A short defeat before flying to the European Championships. The French handball team lost a small goal (35-34) against Germany, Sunday January 9 in Wetzlar, during their only preparation match for the Euro, which takes place in Hungary and Slovakia from January 13 to 30.
If the second half can leave regrets to Nikola Karabatic and his teammates, the setback did not shake the serenity of coach Guillaume Gille. “We are here to continue working and making sure we are ready to start the Euro”, estimated the coach, realistic but confident a few days before their entry into competition, Thursday, January 13, against Croatia.
Coach of the Blues for barely two years, the former center-half with 308 selections is now unanimous among his players. A dazzling but also surprising grip: “Gino” had never found himself at the head of a very high level team before taking the reins of the France team. “Guillaume’s choice was not the most obvious, remembers Philippe Bana, president of the French Handball Federation. He had very little experience while others clamored for a tactician to lead the team. The players themselves wondered about this choice. “
It took him well: just a few months after his arrival on the bench, Guillaume Gille was already leading the Blues to the top of world handball. Despite a preparation very thwarted by the health crisis, the Drômois and his men won a new Olympic title by triumphing over their Danish rivals on Japanese soil. The third, after the successes of 2008 and 2012. In those years, “Gino” was on the floor, ball in hand and blue jersey on his back.
The task was difficult, however. After the Euro 2020 fiasco – elimination of France in the first round to everyone’s surprise – the team had to be completely rebuilt. “The France team had lost its way, reminds Philippe Bana. The group was in small pieces. “ Hence the idea of calling on Guillaume Gille, then assistant to Didier Dinart: “More than a tactician, the France team needed a big brother, someone who embodied the spirit and values of a France team which had dominated its sport for several years. “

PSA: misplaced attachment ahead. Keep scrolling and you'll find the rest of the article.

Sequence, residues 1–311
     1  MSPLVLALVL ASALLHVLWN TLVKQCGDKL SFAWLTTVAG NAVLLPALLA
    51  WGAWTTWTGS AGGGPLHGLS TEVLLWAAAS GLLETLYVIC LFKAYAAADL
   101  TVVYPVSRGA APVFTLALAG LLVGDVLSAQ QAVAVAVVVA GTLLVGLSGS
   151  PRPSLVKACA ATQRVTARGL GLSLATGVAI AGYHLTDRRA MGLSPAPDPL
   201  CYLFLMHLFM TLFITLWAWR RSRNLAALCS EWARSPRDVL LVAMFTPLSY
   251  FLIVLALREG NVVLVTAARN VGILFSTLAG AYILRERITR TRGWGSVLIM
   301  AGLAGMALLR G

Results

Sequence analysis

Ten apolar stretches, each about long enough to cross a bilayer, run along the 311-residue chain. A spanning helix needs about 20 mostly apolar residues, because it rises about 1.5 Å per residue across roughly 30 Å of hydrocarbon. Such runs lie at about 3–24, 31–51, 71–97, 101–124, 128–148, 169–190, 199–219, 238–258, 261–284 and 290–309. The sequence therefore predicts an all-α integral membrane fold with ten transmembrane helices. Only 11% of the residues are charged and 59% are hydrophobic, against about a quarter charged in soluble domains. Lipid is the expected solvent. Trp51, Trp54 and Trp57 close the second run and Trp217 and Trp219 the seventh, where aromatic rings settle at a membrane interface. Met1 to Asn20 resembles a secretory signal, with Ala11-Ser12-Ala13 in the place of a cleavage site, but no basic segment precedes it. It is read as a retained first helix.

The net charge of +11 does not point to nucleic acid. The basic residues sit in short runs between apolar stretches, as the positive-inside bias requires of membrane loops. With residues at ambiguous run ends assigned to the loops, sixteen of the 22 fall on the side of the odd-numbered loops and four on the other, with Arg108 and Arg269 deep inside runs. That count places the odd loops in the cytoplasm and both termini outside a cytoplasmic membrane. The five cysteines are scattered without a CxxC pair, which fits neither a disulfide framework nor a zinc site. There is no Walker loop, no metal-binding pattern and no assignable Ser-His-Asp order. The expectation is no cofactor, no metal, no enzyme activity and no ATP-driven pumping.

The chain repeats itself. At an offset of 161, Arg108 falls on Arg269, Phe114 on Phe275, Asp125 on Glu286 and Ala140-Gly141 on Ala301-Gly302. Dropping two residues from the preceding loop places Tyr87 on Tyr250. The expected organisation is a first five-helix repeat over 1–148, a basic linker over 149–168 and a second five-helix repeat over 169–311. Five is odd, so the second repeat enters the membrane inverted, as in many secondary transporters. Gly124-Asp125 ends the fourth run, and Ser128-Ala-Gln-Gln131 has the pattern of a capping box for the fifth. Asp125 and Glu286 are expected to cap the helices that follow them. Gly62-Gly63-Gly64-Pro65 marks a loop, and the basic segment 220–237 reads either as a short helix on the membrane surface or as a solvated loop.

Mario Cavalli knows Guillaume Gille well for having coached him upon his arrival in Chambéry in 1994. He is not surprised to see him shine in his new costume: “Guillaume has always been a unifier. He was close to the staff and passed instructions to the players. “ An ability to supervise that Philippe Bana had also detected very early on in the player: “When I first met him before the Sydney Games in 2000, I immediately noticed that he was showing a height of vision that was unmatched by the other players. “
An altruistic player who listens to his teammates, Guillaume Gille continues to make the collective a cardinal value. These principles are embodied in a form of participatory management, inherited, in part, from his predecessor Claude Onesta. The coach has thus established “game advice”, limited meetings with senior players to collectively determine the team’s game plan. He also relies on the authority of elders, such as Nikola Karabatic, with whom he wrote the most beautiful pages of French handball.
As idyllic as his debut at the head of the Blues may be, Guillaume Gille now faces a major challenge: winning the Euro and imitating the “Experts”, the only French team to have won a major title directly after the conquest. Olympic laurels. “In handball, winning the Euro is even harder than winning the Olympics given the density of the participating teams”, observes Mario Cavalli.
Proof that sporting performances still serve as the ultimate justice of the peace, Didier Dinart did not survive the rout of 2020, despite a world champion title in 2017 and two bronze medals obtained at the European and European Championships. world the following two years. “At this level, it is the results that validate the coach’s method”, warns Mario Cavalli. Double European champion as a player in 2006 and 2010, Guillaume Gille knows the path to follow.